The origins of CAMRA

In 1971, 80% of beers in Britain were brewed by seven companies – Allied Breweries, Bass, Courage, Grand Metropolitan, Guinness, Scottish & Newcastle & Whitbread. 56% of pubs were owned by six of the above, Guinness being the exception. National keg bitters, Allied’s Double Diamond, Bass’s Worthington E, Courage’s Tavern, Grand Metropolitan’s Watneys Red , S & N’s Tartan, and Whitbread Tankard increasingly dominated the market. Lager sales were negligible but cask-conditioned beer was increasingly under threat. More importantly, in many areas cask beers were served using a system called top-pressure which made them almost indistinguishable from keg.

In March of that year, four Mancunians, three of them journalists, were holidaying together in Ireland. Here things were even worse. Knowing how the beer scene in the UK was going, the four saw Ireland as the future, and they didn’t like it. By the time they returned home, they had founded CAMRA, the Campaign for The Revitalisation of Ale.

Over the next two years, CAMRA gradually expanded, helped by its journalist members’ ability to generate headlines. CAMRA’s name was changed to the more catchy Campaign for Real Ale and local branches started being set up around the country.

Cardiff CAMRA’s Beginnings

CAMRA now has over 200 local branches but when Cardiff CAMRA was set up, there were still fewer than twenty. The year was 1973 and, following an initial meeting to test support, the branch’s inaugural meeting was held that October 1973 at the Old Arcade in Church Street. This was in a meeting room that no longer exists located on the left at the rear of the building. The branch covered the county of South Glamorgan, which included the Vale of Glamorgan.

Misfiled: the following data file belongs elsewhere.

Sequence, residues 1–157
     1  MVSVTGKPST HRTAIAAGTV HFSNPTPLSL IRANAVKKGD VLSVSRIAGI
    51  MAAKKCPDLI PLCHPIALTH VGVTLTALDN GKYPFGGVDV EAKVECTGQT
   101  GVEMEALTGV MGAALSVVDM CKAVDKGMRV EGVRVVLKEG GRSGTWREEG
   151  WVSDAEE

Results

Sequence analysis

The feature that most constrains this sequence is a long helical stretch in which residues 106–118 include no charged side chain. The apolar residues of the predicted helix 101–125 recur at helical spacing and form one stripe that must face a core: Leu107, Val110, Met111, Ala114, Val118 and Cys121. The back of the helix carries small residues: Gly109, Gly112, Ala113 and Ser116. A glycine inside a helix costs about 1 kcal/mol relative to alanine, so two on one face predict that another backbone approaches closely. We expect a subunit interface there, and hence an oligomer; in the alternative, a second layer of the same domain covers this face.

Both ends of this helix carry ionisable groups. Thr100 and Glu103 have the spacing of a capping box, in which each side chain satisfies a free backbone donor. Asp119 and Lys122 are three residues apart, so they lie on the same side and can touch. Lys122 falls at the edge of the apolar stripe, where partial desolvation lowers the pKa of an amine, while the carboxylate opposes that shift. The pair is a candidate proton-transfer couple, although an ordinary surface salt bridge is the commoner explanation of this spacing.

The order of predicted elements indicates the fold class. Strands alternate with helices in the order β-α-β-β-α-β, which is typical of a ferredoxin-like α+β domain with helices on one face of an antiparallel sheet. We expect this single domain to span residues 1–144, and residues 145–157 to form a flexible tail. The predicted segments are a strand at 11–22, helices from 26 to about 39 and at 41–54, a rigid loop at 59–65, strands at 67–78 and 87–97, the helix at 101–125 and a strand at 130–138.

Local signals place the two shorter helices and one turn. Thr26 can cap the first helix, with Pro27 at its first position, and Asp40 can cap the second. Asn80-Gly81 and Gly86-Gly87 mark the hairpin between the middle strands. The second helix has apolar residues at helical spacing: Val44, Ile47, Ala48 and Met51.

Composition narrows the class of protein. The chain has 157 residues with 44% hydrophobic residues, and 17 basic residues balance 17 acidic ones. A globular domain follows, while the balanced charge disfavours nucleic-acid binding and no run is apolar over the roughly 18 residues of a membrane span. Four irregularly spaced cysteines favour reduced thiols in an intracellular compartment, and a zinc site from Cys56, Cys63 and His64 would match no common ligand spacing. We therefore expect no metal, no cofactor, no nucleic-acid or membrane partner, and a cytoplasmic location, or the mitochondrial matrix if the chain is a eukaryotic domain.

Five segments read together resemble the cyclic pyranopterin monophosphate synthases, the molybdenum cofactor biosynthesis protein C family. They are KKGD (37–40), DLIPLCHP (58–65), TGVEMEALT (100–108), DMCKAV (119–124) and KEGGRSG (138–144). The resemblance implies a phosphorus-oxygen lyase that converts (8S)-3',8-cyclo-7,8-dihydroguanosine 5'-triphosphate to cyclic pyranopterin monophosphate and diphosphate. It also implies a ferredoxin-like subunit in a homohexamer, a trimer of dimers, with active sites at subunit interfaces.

The area at that time was dominated by two breweries that between them owned most of the local pubs. One was Bass, based in Crawshay Street, just south of Central Station, and usually known as Welsh Brewers. It produced Hancocks and Worthington beers. The other was S A Brain, which brewed in St Mary Street in what is now the Brewery Quarter. All Brains’ pubs and most Welsh Brewers’ pubs served real ale. This meant that the area was better served for real ale than many others. Whitbread, which also brewed in Cardiff, at Ely Bridge, and Allied Breweries had a few pubs between them but served little real ale And that was just about it.

The Branch’s first major campaigning activity was to join a national demonstration at Stone, Staffordshire to protest against Bass’s planned closure of the town’s Joules Brewery. The brewery closed but the Joules name was resurrected in 2010 when a new brewery of that name opened at Market Drayton, just over the border into Shropshire.

Another major activity was to select entries for the first commercial edition of the Good Beer Guide, which appeared in March 1974. Being well served by real ale pubs, Cardiff was relatively well represented, with fifteen pubs being listed.

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